Japan’s Economy Contracts in The Last Quarter of 2015

Japan's economyShoppers walk through the Ameya Yokocho shopping district of Tokyo, Japan. Prime Minister Shinzo Abe has said he will pursue more reforms this year and the economy will be his priority. Photographer: Tomohiro Ohsumi

Japan’s economy contracted in the last quarter of 2015, underscores growing concern that Prime Minister Shinzo Abe’s Abenomics is falling short of expectations.

According to revised government data, the Japan’s economy shrank an annualized 1.1 percent in the final quarter of 2015, better than 1.4 percent contraction reported previously and beats 1.5 percent forecast by 29 economists.

“A contraction is a contraction, meaning no change to the picture that Japan’s economy was weak,” Yuichi Kodama, chief economist at Meiji Yasuda Life Insurance Co. in Tokyo, said before the report was released. “Japan’s economic outlook is cloudy because there’s no driver to support a recovery.”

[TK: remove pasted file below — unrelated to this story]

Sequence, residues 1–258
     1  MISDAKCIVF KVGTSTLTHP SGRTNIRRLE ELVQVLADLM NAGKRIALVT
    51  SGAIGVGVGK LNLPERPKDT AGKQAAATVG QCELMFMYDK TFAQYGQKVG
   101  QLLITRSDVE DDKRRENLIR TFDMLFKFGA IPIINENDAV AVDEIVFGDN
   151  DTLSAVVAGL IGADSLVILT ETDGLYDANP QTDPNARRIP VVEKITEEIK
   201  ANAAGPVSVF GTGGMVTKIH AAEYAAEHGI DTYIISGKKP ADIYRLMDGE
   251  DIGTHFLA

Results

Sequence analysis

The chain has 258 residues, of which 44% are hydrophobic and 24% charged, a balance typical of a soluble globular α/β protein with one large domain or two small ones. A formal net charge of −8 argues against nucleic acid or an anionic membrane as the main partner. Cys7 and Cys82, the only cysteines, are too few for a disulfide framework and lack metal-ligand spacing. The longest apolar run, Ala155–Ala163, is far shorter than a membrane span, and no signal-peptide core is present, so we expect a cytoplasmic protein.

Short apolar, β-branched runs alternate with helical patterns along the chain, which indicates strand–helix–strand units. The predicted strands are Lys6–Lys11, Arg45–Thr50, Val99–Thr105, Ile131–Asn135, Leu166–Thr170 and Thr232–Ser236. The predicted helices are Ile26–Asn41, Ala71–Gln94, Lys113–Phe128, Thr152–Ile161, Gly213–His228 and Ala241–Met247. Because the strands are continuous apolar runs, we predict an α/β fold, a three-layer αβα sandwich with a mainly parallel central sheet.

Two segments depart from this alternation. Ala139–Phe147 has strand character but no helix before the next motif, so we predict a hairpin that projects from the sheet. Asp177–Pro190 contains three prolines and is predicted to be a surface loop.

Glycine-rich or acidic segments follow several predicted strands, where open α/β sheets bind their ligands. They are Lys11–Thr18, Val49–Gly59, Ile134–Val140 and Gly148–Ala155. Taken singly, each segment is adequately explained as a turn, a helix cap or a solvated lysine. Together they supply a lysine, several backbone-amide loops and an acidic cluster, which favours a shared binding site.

Slowdown in China, Japan’s largest trading partner and continuous rise in yen are concerns for companies and may further abrade their profits.

Companies like Panasonic Corp. had to cut profit forecast for the year ending in March as sales of products fell in China.

Hitachi Ltd. reduced its profit forecast on slower sales of construction machinery in China and reduced demand from oil-producing nations hurt by falling energy prices.

About the Author

Samed Olukoya
Samed Olukoya is the CEO/Founder of investorsking.com, a digital business media, with over 10 years' experience as a foreign exchange research analyst and trader. A graduate of University of East London, U.K. and a vivid financial markets analyst.

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